17 April 2018

Drax

The Church of St Peter and St Paul in Drax
Parts of this Grade I listed church date back to the 12th century
On Saturday, in the village of Drax, two boys of about nine or ten were ambling along the opposite pavement as I drove slowly by. One of them made the famous and vulgar two-fingered salute in my direction, not realising that I was about to park Clint. When I opened the driver's door, the boys scooted off, perhaps imagining that they were about to be chased by a madman. Instead, it just made me chuckle.

Drax is a village with an ancient history. It once had a castle and an Augustinian priory. It sits in flatlands just south of The River Ouse and north of The River Aire. The landscape is crisscrossed with drains. Half a mile away on the opposite bank of the Ouse is Barmby-on-the Marsh where my family lived until 1952 - the year before I was born. There was no bridge to connect the two villages. Instead, a twelve mile round trip was required via Boothferry Bridge Lord knows what people did before that was built.
Drax Power Station
Seen from fifteen miles away in 2014
In the early 1970's something happened to really put Drax on the map and bring the old village's name to the nation's consciousness. A massive coal-fired power station was built on the edge of the place by the Central Electricity Generating Board. It has a generating capacity of 4000 megawats - the most productive power station in the nation and it looms over the landscape. You can see it from miles around.

I tootled round the area for an hour or so having never been to Drax before. With my curiosity salved it was time to continue with my journey over to Hull where I am sorry to say that in spite of dominating the game, The Tigers lost 0-1 to Sheffield Wednesday. Boo-hoo!
Drax Power Station
Seen from Drax Abbey Farm last Saturday

16 comments:

  1. The cheeky little brats! :)

    Drax...a very interesting name. Do you know the origin of the name, Yorkie?

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    1. It was a noble French surname and arrived in England with the Norman Invasion of 1066. Lord Drax was granted land in the area by William the Conqueror.

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  2. I think I've seen that power station before. Can you see it from the train line that runs northward from London through Doncaster and York? I know I've seen a big power station up there somewhere.

    "Drax" was also the name of the villain in Ian Fleming's "Moonraker." I wonder if he took the name from this village, particularly if it was in the news in the '60s as a possible location for that power station?

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    1. Nope -- never mind. "Moonraker" was written in the '50s, and Drax was named for a friend of Fleming's according to Wikipedia. (Which is never wrong. LOL!)

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    2. Yes Steve, you will have seen that power station on the way up to York though we do have a few other smaller power stations in that part of Yorkshire. Drax is easy to spot because of the big chimney in the middle. By the way, I know virtually nothing about James Bond so I cannot help with that query.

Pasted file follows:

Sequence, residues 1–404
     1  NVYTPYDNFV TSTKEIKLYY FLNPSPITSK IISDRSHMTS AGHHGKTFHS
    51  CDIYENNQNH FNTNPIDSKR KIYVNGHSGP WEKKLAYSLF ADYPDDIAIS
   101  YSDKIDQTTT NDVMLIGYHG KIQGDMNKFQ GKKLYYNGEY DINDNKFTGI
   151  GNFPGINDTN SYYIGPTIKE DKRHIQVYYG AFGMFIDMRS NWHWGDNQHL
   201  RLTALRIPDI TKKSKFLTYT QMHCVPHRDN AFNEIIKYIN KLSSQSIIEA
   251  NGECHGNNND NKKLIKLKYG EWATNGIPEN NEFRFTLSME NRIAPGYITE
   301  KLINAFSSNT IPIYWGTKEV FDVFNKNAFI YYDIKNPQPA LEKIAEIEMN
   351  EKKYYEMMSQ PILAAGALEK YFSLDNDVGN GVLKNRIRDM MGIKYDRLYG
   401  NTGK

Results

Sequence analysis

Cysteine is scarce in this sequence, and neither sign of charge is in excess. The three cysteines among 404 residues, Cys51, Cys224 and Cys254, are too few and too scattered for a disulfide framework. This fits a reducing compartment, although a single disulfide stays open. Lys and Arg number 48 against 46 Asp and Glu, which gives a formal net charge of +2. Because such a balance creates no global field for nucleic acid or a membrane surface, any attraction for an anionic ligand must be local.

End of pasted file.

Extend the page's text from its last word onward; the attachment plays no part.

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  3. It's a beautiful church!
    Are people from Drax called Draxters? :)
    Greetings Maria x

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    1. Well - I don't know what they are called Maria but the little boys who live there are called cheeky brats!

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  4. There's something a bit sinister about the name Drax. The power station on the horizon doesn't help either.

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    1. "The Legend of Drax", now available on Netflix... starring Johnny Depp as Paul and Su Pollard as Susan... "In the darkness something trembles..."

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  5. What is it that drives youngsters to do that for no discernible reason?? At least they ran off and didn't menace your solitary self!

    The name Drax is interesting, as others have said. And the coal fired generating station is not an unknown sight here. I wish they were not necessary and I look forward to the day when they can be closed. In the meantime I am grateful for the heat and light.

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    1. In England there are very few coal fired power stations left as environmental concerns bite. This is not the case in some other European countries e.g. Poland where coal is still king.

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  6. Sad end to a village when a coal fired generating plant is build beside it.

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    1. Surprisingly, the village is not a ghost town but I wouldn't want to live there.

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  7. Industrial beauty. At least it relieves the monotony of the flat skyline. And without it what would we have done?

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    1. We would have been in the forest collecting wood or digging peat on the hills.

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